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Life Sci. 2000 Aug 11;67(12):1389-96.

Actions of Ginkgo Biloba related to potential utility for the treatment of conditions involving cerebral hypoxia.

Author information

1
Temple University School of Pharmacy, Philadelphia, PA 19140, USA. rraffa@nimbus.temple.edu

Abstract

Neuronal hypoxia results from a variety of cerebrovascular accidents or 'normal' age-associated anatomic changes. The consequences vary from mild deficits in neurologic function to massive neuropathology. Present pharmacotherapeutic therapy is not ideal. Two apparently disparate approaches to the search for better treatment or prevention-one involving reassessment of herbal remedies as 'alternative' medicine and the other one involving the desirability of increased structural diversity in HTS (high-throughput screening) libraries and as combinatorial chemistry templates-have converged in a rekindling of interest and a reevaluation of the pharmacologic properties of substances such as extract from the leaves of Ginkgo biloba Linne (form. Salisburia adiantifolia Sm.). There are reports of positive results from a small number of controlled clinical trials (albeit with small numbers of patients) sufficient to suggest that 'Ginkgo' might have therapeutic benefit in some situations or subset of patients. The pharmacologic mechanism by which Ginkgo might be able to provide the observed effect is not clear. However, it is believed that the flavonoid and terpenoid components of Ginkgo extract might produce beneficial therapeutic effects through mechanisms acting separately or in concert, such as the antagonism of PAF (platelet activating factor), antioxidant and metabolic actions, and effects on neurotransmitters. These mechanisms are reviewed in this article.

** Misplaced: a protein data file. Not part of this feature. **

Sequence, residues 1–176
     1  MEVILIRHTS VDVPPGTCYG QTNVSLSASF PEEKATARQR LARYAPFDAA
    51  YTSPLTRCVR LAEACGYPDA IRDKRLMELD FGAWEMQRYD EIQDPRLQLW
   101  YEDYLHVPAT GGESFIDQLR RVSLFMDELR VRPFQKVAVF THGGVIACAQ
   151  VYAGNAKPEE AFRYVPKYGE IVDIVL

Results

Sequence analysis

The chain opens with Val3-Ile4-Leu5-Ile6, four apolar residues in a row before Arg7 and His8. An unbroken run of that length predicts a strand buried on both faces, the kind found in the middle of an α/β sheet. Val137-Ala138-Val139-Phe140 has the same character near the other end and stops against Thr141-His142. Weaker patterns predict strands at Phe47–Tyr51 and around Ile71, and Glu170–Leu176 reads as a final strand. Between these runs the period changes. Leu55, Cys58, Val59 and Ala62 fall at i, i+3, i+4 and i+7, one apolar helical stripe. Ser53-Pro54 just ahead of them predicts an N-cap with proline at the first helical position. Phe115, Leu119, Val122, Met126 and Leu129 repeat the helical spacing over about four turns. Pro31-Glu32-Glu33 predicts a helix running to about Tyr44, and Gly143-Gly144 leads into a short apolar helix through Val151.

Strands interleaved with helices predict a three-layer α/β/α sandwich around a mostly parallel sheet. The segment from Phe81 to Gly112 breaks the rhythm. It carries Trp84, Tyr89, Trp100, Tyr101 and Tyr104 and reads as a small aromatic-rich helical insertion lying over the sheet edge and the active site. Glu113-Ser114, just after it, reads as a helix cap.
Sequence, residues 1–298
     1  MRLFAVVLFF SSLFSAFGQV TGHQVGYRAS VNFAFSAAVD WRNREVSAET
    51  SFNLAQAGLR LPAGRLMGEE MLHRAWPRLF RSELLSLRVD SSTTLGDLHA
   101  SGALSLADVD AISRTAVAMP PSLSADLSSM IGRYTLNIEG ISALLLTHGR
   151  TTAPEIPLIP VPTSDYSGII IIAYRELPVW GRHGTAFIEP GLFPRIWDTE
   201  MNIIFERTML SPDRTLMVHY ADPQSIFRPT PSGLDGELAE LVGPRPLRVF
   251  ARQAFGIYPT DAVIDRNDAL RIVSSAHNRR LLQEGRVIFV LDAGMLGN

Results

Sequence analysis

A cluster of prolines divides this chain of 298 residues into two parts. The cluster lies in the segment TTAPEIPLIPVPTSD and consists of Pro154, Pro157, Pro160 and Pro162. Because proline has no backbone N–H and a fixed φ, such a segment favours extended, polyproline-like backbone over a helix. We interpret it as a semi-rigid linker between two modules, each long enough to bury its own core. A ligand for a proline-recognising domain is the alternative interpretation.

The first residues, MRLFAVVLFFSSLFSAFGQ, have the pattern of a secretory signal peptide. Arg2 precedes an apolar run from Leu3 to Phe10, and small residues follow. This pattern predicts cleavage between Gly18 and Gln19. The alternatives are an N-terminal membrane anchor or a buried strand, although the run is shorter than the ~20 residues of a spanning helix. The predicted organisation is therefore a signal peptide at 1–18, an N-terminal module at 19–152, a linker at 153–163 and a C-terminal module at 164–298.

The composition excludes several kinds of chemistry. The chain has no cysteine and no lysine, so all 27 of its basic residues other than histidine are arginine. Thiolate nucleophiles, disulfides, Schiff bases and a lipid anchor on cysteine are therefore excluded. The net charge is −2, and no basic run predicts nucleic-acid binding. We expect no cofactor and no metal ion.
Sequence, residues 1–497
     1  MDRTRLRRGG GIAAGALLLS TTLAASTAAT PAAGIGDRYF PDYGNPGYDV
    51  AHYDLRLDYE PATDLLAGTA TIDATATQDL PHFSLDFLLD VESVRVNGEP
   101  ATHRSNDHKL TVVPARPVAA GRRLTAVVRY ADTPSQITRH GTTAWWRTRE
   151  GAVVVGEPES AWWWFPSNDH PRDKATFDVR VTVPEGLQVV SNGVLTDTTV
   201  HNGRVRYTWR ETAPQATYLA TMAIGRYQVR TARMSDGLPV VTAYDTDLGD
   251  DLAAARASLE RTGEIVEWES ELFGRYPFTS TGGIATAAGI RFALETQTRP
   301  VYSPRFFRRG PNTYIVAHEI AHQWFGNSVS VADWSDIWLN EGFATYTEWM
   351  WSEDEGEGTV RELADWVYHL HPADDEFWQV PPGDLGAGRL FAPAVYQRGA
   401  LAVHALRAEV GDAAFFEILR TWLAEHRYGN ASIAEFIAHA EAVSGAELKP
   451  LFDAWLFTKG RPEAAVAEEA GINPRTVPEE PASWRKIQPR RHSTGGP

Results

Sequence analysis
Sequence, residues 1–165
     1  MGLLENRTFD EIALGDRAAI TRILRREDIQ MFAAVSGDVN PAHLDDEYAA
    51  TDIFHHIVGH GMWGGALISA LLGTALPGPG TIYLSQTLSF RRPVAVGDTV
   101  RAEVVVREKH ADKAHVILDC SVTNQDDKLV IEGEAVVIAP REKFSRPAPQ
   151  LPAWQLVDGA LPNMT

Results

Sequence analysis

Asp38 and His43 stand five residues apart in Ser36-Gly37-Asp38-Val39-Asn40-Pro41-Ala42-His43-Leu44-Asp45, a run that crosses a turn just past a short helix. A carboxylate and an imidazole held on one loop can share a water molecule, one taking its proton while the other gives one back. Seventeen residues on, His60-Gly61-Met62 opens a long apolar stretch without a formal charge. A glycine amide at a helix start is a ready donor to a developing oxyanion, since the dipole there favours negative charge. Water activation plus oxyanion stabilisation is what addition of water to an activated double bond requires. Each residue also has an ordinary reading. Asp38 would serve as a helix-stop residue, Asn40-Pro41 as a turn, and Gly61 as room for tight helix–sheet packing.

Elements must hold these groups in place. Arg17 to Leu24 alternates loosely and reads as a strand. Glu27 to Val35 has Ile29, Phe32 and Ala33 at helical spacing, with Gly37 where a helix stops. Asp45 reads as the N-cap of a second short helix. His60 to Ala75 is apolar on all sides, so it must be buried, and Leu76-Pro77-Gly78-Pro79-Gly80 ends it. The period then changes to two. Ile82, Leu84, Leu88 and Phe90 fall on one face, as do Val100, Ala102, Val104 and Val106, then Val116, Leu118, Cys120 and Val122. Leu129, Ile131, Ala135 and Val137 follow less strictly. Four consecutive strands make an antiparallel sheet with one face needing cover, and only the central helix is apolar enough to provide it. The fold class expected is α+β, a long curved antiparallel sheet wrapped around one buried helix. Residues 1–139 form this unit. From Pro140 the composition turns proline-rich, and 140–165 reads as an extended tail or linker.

PMID:
10983836
DOI:
10.1016/s0024-3205(00)00741-4
[Indexed for MEDLINE]

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